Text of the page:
nep-mic New Economics Papers
on Microeconomics
Issue of 2017‒10‒08
fifteen papers chosen by
Jing-Yuan Chiou
National Taipei University

  1. Partially-honest Nash implementation : a full characterization By Michele Lombardi; Naoki Yoshihara
  2. The Optimal Design of Round-Robin Tournaments with Three Players By Krumer, Alex; Megidish, Reut; Sela, Aner
  3. A Note on the Multi-Agent Contracts in Continuous Time By Qi Luo; Romesh Saigal
  4. Freemium as Optimal Menu Pricing By Sato, Susumu
  5. Securing Basic Well-being for All By Reiko Gotoh; Naoki Yoshihara
  6. A characterization of single-peaked preferences via random social choice functions By Chatterji, Shurojit; Sen, Arunava; Zeng, Huaxia
  7. Word of Mouth Communication and Search By Campbell, Arthur; Leister, Matthew; Zenou, Yves
  8. Robust Bidding in First-Price Auctions: How to Bid without Knowing what Otheres are Doing By Bernhard Kasberger; Karl H. Schlag
  9. Emotions in Civil Litigation By Ben Chen; Jose A. Rodrigues Neto
  10. Finite Horizon Holdup and How to Cross the River By Simon Martin; Karl H. Schlag
  11. Signaling to Experts By Kurlat, Pablo; Scheuer, Florian
  12. The Relationship between R&D and Competition: Reconciling Theory and Evidence By Nikolay Chernyshev
  13. Optimal search from multiple distributions with infinite horizon By Jean-Michel Benkert; Igor Letina; Georg Nöldeke
  14. An intertemporal model of growing awareness By Marie-Louise Viero
  15. Directed Search: A Guided Tour By Guerrieri, Veronica; Julien, Benoit; Kircher, Philipp; Wright, Randall

  1. By: Michele Lombardi (Adam Smith Business School, University of Glasgow); Naoki Yoshihara (Department of Economics, University of Massachusetts Amherst)
    Abstract: A partially-honest individual is a person who follows the maxim, "Do not lie if you do not have to" to serve your material interest. By assuming that the mechanism designer knows that there is at least one partially-honest individual in a society of more than 3 individuals, a social choice rule (SCR) that can be Nash implemented is termed partially-honestly Nash implementable. The paper offers a complete characterization of the n-person SCRs that are partially-honestly Nash implementable. It establishes a condition which is both necessary and sufficient for the partially-honest Nash implementation. If all individuals are partially-honest, then all SCRs that satisfy the property of unanimity are partially-honestly Nash implementable. The partially-honest Nash implementation of SCRs is examined in a variety of environments.
    Keywords: Nash implementation, pure strategy Nash equilibrium, partial-honesty, Condition mu^*
    JEL: C72 D71
    Date: 2017
  2. By: Krumer, Alex; Megidish, Reut; Sela, Aner
    Abstract: We study the optimal design of round-robin tournaments with three symmetric players. We characterize the subgame perfect equilibrium in these tournaments with either one or two prizes. Our results show that the players who wish to maximize their expected payoffs or their probabilities of winning have different preferences about the order of games under tournaments with one or two prizes. We analyze the optimal allocations of players for a designer who wishes to maximize the players' expected total effort in the tournaments with one and two prizes, and by comparing between them, it is demonstrated that in order to maximize the players' expected total effort the designer should allocate only one prize.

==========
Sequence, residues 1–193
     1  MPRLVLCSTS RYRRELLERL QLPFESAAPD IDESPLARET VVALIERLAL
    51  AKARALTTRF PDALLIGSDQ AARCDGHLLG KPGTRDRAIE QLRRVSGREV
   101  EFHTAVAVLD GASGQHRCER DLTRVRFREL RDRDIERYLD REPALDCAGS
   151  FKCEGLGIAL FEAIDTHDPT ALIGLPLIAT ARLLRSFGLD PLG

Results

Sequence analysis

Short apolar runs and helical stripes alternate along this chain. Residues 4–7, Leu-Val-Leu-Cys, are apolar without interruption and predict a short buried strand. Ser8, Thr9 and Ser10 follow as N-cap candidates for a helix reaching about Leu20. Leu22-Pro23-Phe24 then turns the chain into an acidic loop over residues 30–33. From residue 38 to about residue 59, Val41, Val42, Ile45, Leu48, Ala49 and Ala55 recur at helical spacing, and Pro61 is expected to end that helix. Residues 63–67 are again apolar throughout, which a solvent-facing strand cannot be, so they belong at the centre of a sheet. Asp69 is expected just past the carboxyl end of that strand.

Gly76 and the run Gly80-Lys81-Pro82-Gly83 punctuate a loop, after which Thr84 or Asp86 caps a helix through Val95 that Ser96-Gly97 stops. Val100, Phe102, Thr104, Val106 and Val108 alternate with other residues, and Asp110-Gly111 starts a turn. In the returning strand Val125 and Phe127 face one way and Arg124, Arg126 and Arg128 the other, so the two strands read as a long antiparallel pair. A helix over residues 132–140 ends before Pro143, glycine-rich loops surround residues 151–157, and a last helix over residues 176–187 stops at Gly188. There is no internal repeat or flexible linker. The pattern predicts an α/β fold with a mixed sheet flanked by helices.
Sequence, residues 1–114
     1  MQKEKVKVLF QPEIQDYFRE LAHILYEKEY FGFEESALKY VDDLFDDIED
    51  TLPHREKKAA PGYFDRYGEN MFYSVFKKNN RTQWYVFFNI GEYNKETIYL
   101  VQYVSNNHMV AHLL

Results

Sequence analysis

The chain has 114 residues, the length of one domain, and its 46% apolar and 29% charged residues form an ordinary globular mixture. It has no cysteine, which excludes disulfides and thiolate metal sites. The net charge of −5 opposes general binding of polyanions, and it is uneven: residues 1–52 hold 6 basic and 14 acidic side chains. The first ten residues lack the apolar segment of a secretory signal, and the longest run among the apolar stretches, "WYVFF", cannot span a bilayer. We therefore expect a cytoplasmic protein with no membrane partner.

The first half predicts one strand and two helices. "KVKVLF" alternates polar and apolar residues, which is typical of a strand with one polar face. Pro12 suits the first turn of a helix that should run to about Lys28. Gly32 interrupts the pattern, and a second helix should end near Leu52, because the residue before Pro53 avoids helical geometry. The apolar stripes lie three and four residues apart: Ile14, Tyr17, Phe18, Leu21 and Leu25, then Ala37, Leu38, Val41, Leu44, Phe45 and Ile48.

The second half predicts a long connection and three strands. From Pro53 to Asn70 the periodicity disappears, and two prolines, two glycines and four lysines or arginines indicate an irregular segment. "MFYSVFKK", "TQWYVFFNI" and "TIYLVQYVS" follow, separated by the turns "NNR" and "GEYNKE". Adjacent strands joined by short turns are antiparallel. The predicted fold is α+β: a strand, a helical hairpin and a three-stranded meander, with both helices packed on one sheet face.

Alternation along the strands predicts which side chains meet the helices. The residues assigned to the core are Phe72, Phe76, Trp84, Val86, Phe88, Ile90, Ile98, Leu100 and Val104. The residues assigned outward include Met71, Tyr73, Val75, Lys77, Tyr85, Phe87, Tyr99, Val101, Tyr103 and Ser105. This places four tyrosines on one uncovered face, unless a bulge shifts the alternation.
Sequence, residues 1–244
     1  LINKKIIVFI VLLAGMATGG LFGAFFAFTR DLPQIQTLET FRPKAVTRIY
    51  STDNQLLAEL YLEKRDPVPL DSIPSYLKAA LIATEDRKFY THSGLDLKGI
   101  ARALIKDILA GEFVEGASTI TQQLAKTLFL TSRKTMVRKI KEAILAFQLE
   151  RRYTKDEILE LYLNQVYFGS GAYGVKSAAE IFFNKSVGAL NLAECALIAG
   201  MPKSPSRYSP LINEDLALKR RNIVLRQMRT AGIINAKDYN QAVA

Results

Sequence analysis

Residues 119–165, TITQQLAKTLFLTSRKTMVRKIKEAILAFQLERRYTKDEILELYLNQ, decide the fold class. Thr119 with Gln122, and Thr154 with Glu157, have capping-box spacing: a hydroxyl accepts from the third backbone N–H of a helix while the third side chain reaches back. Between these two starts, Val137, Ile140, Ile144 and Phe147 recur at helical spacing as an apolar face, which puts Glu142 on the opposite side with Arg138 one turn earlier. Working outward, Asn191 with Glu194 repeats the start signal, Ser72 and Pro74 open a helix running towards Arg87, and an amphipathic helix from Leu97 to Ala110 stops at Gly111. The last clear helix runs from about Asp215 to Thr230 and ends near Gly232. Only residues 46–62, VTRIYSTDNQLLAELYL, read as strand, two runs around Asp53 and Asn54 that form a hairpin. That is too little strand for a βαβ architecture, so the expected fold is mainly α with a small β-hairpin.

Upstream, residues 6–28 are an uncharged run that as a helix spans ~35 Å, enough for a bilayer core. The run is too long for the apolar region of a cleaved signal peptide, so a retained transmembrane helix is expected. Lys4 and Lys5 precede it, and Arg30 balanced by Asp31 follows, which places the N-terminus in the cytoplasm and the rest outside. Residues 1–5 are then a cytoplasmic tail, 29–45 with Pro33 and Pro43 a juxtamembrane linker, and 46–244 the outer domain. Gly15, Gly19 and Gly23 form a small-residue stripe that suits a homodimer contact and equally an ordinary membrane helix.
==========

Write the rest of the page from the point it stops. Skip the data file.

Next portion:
Keywords: Multi-stage contests, all-pay auctions, first-mover advantage, second-mover advantage, round-robin tournaments
    JEL: D00 L00 D20 D44 O31
    Date: 2017–09
  3. By: Qi Luo; Romesh Saigal
    Abstract: Dynamic contracts with multiple agents is a classical decentralized decision-making problem with asymmetric information. In this paper, we extend the single-agent dynamic incentive contract model in continuous-time to a multi-agent scheme in finite horizon and allow the terminal reward to be dependent on the history of actions and incentives. We first derive a set of sufficient conditions for the existence of optimal contracts in the most general setting and conditions under which they form a Nash equilibrium. Then we show that the principal's problem can be converted to solving Hamilton-Jacobi-Bellman (HJB) equation requiring a static Nash equilibrium. Finally, we provide a framework to solve this problem by solving partial differential equations (PDE) derived from backward stochastic differential equations (BSDE).
    Date: 2017–10
  4. By: Sato, Susumu
    Abstract: In online contents markets, content providers collect revenues from both consumers and advertisers by segmenting consumers who are willing to avoid advertisements and who are not. To analyze such situations, I construct a model of menu pricing by advertising platforms in two-sided markets. I find that, under certain condition, although a monopolistic platform can choose any menu of price-advertisement pairs, the optimal menu consists of only two services: ad-supported basic service and ad-free premium service. In addition, if the willingness to pay of advertisers is sufficiently high, the basic service is offered for free. This menu pricing is well known as freemium. Furthermore, this binary structure remains to hold an equilibrium menu pricing even under duopoly.